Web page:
Strategies for threat-avoidance: a) instruction screens can be constrained to display for at least a certain amount of time, to reduce the risk of participants not reading instructions; b) Incorrect answers to instruction comprehension checks can trigger additional explanation; c) participants can be told how they should complete the study for their data to be valid (e.g., in a quiet environment, on their own, where they have sufficient time to complete the study; to only complete the study once, etc.); d) responses to test items can be prevented until a minimum amount of time has elapsed in order to prevent item skipping; e) strategies can be adopted to reduce the motivation and ability of participants to adopt undesirable behaviours during the experiment.
Examples of strategies for threat-detection: a) response latencies can detect participants not reading test items (e.g., < 400 millisecond responses); b) items can verify instruction comprehension; c) tests can assess appropriateness of the participant to participate, such as a basic English language test; d) participants can be asked directly whether their participation is valid, such as whether they understood the task instructions or whether they took the experiment seriously.
Maintaining motivation and preventing drop out: The social pressure of the experimenter that discourages drop out in lab-based studies is not typically present online. Thus, it is more important to increasing participant motivation to persist with the study. Some strategies include: offering to provide interesting feedback to participants about their responses; offering prizes and financial incentives to participate; and integrating the study into the aims of some other activity such as university subject.
Duration: Limiting drop out in long online experiments may require particular strategies. In a lab experiment, the experimenter’s presence creates an atmosphere that discourages distraction and dropping out of the experiment. In an online environment, this is less the case. One strategy is to limit online experiments to a certain length, such as 30 minutes. Another strategy is to split the experiment into sessions, although there is then the challenge of ensuring completion of all sessions.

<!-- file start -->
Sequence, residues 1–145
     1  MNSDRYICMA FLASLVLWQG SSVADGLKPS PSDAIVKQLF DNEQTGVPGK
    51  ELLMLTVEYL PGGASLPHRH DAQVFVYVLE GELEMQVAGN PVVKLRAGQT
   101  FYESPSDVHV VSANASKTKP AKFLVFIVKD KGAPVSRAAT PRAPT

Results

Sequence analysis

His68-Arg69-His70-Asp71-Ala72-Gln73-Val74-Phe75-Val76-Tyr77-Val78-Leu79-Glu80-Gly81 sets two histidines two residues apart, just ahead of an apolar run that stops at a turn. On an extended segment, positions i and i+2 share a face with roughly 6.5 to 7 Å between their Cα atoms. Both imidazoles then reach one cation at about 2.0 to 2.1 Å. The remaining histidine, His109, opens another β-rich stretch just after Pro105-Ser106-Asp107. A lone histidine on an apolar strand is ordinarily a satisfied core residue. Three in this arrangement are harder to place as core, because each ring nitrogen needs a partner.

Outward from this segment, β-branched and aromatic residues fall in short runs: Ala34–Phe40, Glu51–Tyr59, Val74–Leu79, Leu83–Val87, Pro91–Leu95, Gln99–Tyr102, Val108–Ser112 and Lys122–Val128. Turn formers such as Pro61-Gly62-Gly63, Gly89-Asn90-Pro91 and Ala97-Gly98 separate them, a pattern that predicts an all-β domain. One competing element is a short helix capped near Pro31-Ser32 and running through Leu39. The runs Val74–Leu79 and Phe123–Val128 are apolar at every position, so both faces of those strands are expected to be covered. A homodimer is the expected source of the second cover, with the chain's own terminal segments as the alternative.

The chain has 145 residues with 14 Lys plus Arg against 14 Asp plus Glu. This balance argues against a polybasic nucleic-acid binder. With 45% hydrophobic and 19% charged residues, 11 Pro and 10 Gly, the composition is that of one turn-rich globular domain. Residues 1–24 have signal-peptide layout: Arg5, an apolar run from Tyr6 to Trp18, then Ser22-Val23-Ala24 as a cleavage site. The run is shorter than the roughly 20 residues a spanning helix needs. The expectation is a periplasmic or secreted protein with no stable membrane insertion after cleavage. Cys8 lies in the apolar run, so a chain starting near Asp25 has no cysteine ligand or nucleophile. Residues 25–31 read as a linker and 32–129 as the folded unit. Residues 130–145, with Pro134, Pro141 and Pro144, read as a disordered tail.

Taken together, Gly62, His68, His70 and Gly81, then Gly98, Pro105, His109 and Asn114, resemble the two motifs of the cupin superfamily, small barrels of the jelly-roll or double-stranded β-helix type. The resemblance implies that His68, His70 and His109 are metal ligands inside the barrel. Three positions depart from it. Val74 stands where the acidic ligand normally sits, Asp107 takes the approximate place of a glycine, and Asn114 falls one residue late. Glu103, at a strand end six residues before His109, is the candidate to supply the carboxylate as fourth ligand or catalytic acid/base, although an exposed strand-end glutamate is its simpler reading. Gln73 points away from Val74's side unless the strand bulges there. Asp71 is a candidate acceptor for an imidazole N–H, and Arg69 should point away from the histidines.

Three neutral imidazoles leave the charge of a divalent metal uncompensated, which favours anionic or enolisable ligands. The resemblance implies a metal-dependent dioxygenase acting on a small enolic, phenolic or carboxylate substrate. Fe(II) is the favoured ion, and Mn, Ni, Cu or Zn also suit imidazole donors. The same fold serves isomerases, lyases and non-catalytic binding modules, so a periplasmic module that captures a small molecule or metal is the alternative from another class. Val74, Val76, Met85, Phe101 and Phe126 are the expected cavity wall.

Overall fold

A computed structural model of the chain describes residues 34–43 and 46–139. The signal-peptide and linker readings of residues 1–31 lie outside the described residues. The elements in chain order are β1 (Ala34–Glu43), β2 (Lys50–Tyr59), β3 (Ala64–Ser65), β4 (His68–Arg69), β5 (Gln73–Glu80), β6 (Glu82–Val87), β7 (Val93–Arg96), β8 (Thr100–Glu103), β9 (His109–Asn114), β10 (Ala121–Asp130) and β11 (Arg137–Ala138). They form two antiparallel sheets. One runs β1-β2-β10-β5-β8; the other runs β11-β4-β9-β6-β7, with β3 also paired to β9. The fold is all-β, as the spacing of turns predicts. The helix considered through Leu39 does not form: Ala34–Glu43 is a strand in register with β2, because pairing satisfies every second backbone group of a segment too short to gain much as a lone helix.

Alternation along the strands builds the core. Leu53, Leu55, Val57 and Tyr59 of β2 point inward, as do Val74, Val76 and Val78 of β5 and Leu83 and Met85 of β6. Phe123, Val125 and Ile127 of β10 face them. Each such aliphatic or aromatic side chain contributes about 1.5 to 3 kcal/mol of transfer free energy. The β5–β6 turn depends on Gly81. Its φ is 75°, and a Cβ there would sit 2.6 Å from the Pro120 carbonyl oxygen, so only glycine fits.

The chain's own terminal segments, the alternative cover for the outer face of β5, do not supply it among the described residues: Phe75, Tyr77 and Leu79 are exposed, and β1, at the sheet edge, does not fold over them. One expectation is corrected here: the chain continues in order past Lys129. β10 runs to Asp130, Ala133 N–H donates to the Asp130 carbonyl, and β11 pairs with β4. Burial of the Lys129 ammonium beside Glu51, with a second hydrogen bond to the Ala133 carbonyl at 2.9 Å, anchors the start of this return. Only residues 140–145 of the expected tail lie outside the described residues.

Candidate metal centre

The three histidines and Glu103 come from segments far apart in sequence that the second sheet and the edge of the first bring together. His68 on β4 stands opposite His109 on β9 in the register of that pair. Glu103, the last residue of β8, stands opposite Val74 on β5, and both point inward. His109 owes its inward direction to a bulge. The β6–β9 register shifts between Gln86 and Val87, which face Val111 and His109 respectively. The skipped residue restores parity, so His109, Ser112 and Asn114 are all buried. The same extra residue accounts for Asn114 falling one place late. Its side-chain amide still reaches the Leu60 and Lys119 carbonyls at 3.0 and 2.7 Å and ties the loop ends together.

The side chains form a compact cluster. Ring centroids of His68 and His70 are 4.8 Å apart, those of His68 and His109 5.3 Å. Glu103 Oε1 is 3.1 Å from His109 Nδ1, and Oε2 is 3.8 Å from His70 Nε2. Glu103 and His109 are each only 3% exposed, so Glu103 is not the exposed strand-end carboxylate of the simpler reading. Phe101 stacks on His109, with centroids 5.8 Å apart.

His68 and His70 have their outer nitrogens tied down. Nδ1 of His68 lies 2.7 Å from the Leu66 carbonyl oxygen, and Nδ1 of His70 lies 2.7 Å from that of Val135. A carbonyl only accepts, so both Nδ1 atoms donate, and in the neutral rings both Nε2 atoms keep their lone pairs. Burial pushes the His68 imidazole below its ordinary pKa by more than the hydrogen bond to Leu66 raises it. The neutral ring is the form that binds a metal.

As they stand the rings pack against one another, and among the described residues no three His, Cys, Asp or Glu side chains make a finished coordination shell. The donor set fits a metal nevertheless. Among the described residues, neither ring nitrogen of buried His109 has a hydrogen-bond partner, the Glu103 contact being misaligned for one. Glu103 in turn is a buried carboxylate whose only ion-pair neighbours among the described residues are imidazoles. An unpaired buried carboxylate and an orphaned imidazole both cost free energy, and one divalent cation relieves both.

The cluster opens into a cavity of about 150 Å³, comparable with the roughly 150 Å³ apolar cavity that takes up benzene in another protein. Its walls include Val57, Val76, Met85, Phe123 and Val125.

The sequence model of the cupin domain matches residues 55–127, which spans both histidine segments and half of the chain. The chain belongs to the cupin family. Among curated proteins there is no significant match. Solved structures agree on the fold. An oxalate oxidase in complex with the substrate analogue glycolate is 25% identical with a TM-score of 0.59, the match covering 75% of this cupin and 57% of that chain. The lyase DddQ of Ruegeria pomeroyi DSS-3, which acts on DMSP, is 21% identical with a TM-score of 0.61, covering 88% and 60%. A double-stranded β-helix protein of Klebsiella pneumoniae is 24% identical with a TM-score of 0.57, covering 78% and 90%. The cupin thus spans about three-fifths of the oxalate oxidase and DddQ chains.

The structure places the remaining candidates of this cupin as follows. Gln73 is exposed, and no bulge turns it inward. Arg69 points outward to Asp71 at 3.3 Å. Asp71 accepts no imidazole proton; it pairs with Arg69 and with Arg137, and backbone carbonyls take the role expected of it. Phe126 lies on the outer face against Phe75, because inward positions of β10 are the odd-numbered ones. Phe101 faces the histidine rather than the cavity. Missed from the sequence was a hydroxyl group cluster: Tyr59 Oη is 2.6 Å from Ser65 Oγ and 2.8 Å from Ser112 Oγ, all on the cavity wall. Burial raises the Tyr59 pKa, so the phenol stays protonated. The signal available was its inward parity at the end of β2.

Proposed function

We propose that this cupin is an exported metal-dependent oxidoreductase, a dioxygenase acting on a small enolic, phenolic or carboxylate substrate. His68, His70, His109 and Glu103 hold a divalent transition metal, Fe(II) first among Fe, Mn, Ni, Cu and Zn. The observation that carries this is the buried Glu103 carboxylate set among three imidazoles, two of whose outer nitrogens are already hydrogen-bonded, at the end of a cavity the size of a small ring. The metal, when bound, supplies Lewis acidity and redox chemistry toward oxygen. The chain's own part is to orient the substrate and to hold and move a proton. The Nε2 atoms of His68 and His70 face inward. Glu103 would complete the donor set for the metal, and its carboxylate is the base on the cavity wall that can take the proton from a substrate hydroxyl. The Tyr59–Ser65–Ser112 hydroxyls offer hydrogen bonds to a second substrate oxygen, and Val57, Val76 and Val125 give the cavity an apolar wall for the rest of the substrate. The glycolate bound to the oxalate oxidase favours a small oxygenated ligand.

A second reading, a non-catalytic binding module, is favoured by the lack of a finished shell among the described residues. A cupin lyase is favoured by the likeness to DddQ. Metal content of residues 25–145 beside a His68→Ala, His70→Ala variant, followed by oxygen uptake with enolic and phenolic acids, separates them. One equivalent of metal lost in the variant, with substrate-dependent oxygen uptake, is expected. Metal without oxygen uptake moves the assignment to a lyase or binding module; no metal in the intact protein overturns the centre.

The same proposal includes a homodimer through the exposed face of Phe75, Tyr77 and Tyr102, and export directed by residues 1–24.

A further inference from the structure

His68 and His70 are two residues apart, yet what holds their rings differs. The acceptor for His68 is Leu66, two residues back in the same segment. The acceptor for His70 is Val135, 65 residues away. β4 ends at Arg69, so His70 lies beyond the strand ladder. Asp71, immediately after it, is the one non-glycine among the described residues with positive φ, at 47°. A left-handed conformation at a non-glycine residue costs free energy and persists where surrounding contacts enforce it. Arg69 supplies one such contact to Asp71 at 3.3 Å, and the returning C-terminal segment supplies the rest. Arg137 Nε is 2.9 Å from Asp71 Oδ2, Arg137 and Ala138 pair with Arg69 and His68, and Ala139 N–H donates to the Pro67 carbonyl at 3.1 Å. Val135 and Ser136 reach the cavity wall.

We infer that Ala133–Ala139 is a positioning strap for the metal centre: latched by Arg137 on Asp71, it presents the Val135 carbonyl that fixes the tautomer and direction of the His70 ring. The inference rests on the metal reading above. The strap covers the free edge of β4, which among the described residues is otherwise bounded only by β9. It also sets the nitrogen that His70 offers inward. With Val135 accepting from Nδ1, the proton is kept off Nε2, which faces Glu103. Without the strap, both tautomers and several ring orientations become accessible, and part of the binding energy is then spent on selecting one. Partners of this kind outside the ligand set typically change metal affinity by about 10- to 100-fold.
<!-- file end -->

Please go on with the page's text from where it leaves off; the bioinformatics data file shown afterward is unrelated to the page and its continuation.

Funding: As with other psychology experimentation software, Inquisit costs money. If you are seeking funding from external sources, it can be worth emphasising the costs savings and productivity gains that can be realised from online experimentation. In particular, printing, photocopying, data entry, costs associated with paying Research Assistants to oversee experiments, are all clear cost savings that can be easily quantified for a given study.
Research in the academic environment requires ethical approval. One reason for this is the relative novelty of online experimentation from an ethics reviewer’s perspective. While the principles of ethical research do not change, there is less established precedent about what the ethical conduct of online experiments involves. There are also some additional considerations that are important to consider when conducting online experiments. The points below should be read in conjunction with the more comprehensive discussion by Kraut and colleagues (2004).
Data Security: There are several considerations regarding the security of online data. Where identifiable or confidential information is being obtained: a) data should be securely transmitted from the participant’s computer to the data storage location; b) data should be securely stored on the data storage location; and c) access to the data storage location should be limited, by password or otherwise, to the authorised investigator. Inquisit facilitates these goals by using SSL encryption and a secure web server for data storage.